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The Daily Utah Chronicle

The University of Utah's Independent Student Voice

The Daily Utah Chronicle

The University of Utah's Independent Student Voice

The Daily Utah Chronicle

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Research might link virus, cancer

By Jamie Bowen

Researchers at the U and Columbia University medical schools have found a virus potentially linked to prostate cancer.

Researchers found the virus, normally known for causing leukemia and sarcoma in animals, in human prostate cells. The virus has been evident in many trials done recently at the U and might lead to new innovations in prostate cancer research.

“(The virus) was associated with more aggressive tumors,” said Ila Singh, U associate professor of pathology in a statement.

During their research, Singh and other researchers compared more than 200 human prostate cancer cells to 100 non-cancerous cells. They found that the virus was evident in more than a quarter of the cancerous cells and only in six percent of the non-cancerous cells.

“We still don’t know that this virus causes cancer in people, but that is an important question we’re going to investigate,” Singh said.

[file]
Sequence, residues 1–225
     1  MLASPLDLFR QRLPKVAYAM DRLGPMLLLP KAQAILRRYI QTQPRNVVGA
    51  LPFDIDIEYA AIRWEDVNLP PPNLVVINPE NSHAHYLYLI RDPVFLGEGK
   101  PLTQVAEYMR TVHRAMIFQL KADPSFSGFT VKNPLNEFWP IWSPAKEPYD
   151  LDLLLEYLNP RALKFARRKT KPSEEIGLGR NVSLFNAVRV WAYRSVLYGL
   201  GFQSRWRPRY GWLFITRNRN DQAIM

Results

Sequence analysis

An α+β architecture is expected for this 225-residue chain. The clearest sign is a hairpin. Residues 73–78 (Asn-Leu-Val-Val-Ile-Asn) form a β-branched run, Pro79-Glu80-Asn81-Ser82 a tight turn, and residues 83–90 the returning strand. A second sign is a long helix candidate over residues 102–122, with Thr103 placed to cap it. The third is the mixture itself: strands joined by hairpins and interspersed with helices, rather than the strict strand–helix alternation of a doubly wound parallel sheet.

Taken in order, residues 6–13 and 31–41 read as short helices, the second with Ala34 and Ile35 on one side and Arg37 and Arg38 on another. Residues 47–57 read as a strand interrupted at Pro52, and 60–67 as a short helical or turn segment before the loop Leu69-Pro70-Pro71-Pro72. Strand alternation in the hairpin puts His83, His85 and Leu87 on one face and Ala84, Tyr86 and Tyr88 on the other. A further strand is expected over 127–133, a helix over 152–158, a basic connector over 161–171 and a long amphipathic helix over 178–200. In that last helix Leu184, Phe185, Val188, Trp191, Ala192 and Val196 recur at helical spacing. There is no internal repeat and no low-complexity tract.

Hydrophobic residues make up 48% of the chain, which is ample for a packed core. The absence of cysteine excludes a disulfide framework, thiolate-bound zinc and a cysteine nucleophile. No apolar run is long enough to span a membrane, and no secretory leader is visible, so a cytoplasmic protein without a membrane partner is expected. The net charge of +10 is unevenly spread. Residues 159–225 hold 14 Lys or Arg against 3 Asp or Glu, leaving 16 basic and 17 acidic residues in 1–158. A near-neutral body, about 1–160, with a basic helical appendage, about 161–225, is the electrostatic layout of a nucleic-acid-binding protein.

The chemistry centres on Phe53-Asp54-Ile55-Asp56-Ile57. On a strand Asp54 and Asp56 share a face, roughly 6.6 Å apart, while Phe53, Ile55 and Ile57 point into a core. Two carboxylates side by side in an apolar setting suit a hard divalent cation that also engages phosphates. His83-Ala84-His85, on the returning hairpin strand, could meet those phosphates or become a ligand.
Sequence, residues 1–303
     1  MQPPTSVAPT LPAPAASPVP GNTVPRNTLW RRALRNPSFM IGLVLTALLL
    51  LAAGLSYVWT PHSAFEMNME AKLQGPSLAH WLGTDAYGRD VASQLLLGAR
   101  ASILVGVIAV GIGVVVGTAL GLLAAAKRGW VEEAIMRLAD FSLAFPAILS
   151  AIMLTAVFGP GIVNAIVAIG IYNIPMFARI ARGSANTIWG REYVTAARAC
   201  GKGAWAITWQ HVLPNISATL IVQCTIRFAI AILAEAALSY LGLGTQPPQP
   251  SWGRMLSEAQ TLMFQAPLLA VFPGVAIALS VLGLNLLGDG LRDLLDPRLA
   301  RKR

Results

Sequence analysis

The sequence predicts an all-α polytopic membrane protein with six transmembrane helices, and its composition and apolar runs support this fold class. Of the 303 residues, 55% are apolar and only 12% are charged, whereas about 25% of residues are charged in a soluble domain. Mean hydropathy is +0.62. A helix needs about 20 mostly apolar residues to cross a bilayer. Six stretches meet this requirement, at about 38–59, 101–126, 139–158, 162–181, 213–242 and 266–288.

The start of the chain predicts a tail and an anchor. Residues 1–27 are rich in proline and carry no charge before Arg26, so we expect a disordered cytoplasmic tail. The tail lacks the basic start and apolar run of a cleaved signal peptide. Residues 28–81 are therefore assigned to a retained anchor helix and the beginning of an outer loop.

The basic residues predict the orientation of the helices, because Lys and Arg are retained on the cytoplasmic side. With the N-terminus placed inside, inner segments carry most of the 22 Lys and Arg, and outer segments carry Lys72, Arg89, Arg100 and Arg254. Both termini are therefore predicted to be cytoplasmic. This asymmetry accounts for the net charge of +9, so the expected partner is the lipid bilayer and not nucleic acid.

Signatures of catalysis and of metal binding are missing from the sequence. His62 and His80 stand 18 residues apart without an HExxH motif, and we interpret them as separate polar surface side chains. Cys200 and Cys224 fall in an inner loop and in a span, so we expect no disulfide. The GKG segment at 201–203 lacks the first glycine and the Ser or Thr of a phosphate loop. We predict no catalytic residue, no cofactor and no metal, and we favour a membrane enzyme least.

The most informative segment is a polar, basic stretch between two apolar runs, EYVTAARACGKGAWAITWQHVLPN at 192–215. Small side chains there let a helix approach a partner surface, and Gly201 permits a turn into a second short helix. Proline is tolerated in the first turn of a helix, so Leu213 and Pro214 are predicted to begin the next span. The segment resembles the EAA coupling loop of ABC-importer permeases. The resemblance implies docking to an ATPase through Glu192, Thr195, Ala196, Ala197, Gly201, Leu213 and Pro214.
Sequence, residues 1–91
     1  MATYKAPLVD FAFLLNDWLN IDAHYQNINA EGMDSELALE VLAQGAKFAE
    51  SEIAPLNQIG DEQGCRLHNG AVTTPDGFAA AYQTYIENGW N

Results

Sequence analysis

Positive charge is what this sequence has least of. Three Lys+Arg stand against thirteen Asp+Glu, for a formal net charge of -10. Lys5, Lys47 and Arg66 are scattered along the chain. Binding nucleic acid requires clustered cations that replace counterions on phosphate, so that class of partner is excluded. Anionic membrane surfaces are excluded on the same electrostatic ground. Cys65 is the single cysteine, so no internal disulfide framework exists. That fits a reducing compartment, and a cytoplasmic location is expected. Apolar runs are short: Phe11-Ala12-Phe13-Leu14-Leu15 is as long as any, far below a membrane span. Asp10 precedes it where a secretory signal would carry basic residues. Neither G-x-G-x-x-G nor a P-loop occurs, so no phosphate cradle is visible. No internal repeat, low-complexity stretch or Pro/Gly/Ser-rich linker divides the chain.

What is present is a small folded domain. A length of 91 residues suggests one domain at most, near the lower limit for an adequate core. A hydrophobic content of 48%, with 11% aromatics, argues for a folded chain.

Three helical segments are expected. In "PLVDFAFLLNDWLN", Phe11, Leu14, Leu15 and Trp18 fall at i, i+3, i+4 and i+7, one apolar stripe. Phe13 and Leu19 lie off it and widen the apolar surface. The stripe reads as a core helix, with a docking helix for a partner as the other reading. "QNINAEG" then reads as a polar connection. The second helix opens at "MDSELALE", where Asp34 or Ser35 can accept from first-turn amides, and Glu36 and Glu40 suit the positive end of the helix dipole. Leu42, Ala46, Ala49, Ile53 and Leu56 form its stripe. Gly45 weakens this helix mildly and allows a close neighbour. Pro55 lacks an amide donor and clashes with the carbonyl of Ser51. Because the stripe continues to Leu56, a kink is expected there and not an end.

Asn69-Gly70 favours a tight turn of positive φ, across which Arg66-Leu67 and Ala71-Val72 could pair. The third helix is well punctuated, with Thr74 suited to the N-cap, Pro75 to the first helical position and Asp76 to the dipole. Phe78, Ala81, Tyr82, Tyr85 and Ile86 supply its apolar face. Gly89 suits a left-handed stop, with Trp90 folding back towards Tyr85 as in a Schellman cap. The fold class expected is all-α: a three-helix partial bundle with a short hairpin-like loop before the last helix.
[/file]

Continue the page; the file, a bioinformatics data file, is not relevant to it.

According to a study published in Proceedings of the National Academy of Sciences, if the investigation proves that the virus causes prostate cancer, it would open up many doors, including developing vaccines, diagnostic tests and new therapies for treating cancer.

Other findings in the research show that genetic mutation does not enhance the susceptibility to the virus, but there is still more research to be done.

“Right now it is a very exciting time to be in the field,” Singh said.

Singh is also raising other questions in her research, such as whether the virus infects women and how prevalent it is in the general population.

“We have many questions right now, and we believe this merits further investigation,” she said.

Singh started her research three years ago at Columbia University’s medical school where she had been conducting research on viruses that cause leukemia in mice. She moved to the U in 2008 to continue her research.

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